An Elephant Sitting Still (大象席地而坐, Hu Bo, 2018)

An elephant sitting still poster“It’s all about agony” a discredited adult figure intones midway into Hu Bo’s first (and sadly only) feature, An Elephant Sitting Still (大象席地而坐, Dàxiàng Xídì’érzuò). Latest in a long line of indie features to ask serious questions about the hypocrisies of the modern China, Elephant stops to wonder how one manages to live at all in world which has become so “disgusting” as to make life itself seem like a cosmic joke. In this “wasteland”, all that’s left of human connection appears to be a series of games of oneupmanship in which there must always be a loser and for which no one wants to take personal responsibility. Then again, they say there’s an elephant in a zoo in Manzhouli which has taken passive resistance to unnatural extremes but somehow survived all the world has thrown at it.

Four lives intertwine in the decaying industrial environment of a rundown town somewhere in Northern China. Petty gangster Yu Cheng’s (Zhang Yu) day gets off to a pretty bad start after he sleeps with his best friend’s wife only for him to return unexpectedly, spot Yu Cheng’s shoes in the hall, and then throw himself off the balcony in a fit of total despair. Meanwhile, teenager Wei Bu (Peng Yuchang) gets himself mixed up in his best friend’s altercation with school bully Yu Shuai (Yu Cheng’s little brother) over an (allegedly) stolen phone which ends in a scuffle and Yu Shuai tumbling down a set of stairs. Wei Bu decides to run and asks his female best friend Huang Ling (Wang Yuwen) to go with him, but she has troubles of her own in the form of a toxic relationship with her embittered mother and an ill-advised affair with the school’s married vice-principal. Lacking other options, Wei Bu turns to his genial next-door neighbour, Wang Jin (Liu Congxi), hoping to borrow some money but Wang is preoccupied with his declining family situation as his son and daughter-in-law attempt to force him out of his apartment and into a nursing home so they can move into the catchment area for a better school for Wang’s granddaughter.

Our four see themselves as walking dead, but are in some respects the last four standing. They wonder and they muse, asking why it is life has to be this way but unable to simply ignore the nagging threads of connection and human decency that those around them seem to have successfully eradicated. The older generation, having been betrayed by China’s rapid rise to economic prosperity, are cruel and embittered. They treat their children with contempt, smirking grimly in the knowledge that they will likely share the same fate. Yet they have managed to weather the storm, coming to an accommodation with the fact that life is disappointing and surviving even if in a form that makes survival just about as unpalatable as it’s possible to be.

For this survival, they have helped themselves to entitlement. This is a game of (occasionally literal) dog eat dog in which all that matters is winning no matter at what cost in order to avoid feeling like a nobody. Petty schoolboy thug Yu Shuai, learning a lesson from his disaffected brother, attempts to rule by fear and intimidation but finds his empire threatened by Wei Bu’s principled attempt to stand up for his friend. Wei Bu is a “loser” and his accidental “win” is a shock to the system that threatens to bring the whole thing crashing down but revolution was not in Wei Bu’s game plan and his resistance is short lived. Alone and friendless, he sees no alternative but flight.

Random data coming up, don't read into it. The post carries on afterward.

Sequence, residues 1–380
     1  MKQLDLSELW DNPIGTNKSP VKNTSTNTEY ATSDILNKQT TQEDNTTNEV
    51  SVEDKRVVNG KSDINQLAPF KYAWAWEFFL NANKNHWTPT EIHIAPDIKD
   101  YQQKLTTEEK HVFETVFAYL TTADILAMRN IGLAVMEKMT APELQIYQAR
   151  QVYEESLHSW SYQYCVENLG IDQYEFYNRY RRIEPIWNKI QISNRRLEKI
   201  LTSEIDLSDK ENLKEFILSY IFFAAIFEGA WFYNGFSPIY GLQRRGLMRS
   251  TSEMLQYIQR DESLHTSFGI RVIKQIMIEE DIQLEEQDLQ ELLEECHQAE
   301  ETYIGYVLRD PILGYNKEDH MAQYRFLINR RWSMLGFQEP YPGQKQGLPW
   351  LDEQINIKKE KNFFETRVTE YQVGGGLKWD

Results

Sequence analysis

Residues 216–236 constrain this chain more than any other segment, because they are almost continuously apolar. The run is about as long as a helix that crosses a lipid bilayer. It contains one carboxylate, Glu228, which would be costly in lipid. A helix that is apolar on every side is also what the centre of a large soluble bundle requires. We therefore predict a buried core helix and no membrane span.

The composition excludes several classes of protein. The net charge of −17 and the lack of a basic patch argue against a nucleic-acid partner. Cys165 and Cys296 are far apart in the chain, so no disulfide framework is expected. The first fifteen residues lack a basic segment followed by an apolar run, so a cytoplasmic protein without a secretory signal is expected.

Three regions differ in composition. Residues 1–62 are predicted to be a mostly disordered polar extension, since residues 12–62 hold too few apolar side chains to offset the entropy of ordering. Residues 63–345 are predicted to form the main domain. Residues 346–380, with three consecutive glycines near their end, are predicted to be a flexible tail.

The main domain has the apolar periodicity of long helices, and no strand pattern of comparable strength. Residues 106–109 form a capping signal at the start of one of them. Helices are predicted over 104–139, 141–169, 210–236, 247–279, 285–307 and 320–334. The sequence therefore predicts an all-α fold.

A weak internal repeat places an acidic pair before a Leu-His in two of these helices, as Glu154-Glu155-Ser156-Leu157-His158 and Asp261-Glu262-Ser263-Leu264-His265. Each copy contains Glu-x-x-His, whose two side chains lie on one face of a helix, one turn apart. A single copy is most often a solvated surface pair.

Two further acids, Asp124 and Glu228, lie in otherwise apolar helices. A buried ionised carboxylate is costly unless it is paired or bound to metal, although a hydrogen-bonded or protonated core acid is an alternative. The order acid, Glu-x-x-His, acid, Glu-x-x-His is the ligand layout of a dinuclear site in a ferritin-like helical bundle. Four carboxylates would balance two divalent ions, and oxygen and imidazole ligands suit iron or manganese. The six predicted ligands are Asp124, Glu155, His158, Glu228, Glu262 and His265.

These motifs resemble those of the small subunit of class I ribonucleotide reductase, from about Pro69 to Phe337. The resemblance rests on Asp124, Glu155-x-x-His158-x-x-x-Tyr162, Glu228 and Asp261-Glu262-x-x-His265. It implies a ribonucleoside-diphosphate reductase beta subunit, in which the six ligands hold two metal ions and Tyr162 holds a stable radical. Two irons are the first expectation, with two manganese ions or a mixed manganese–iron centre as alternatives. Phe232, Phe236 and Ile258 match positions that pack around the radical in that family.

Wei Bu’s friend, who turns out to have been unworthy of his loyalty, later achieves a rare moment of existential ecstasy in having frightened off two goons with a gun he pinched from his father. He is overawed to have inspired such fear and sure that most never feel anywhere near as alive as he feels at this moment. Wei Bu is unimpressed by his dark philosophy, but perhaps understands it as a grim encapsulation of the world in which he lives. Yu Cheng too tacitly accepts that his society values the strong, but it becomes apparent that his pretence of coldness is just that. He claims to hate everybody, and his brother most of all, but he walks back into a room on fire to save a man he doesn’t know and for all his attempts to abnegate the responsibility for his friend’s death is clearly affected both by his decision and his own role within it.

Responsibility is something nobody wants to take. Yu Cheng blames his friend’s death first on his own individual will, and then on his greedy wife for the unnecessary economic burden she placed on him, and finally on an unrequited love whose rejection he claims sent him into the arms of his best friend’s girl, but finally he cannot escape his own sense of guilt as embodied by the grieving mother his moral failings have produced. Huang Ling’s teacher expresses a similar life philosophy when she presses him as to why the school did not call the police over Yu Shuai’s accident. He tells her that if he’d called the police he’d be “involved” which not something that he wants to be. Unfortunately for him, his decision to pursue an “affair” with a vulnerable teenager is going to get him in “involved” in several sticky situations, most of which he blames Huang Ling for as the girl who has “ruined” him. Like the elephant of the title, Huang Ling’s lover sits and watches as the world spirals out of control, unwilling to stop it for fear of being dragged into its never-ending cycle of destruction and disappointment.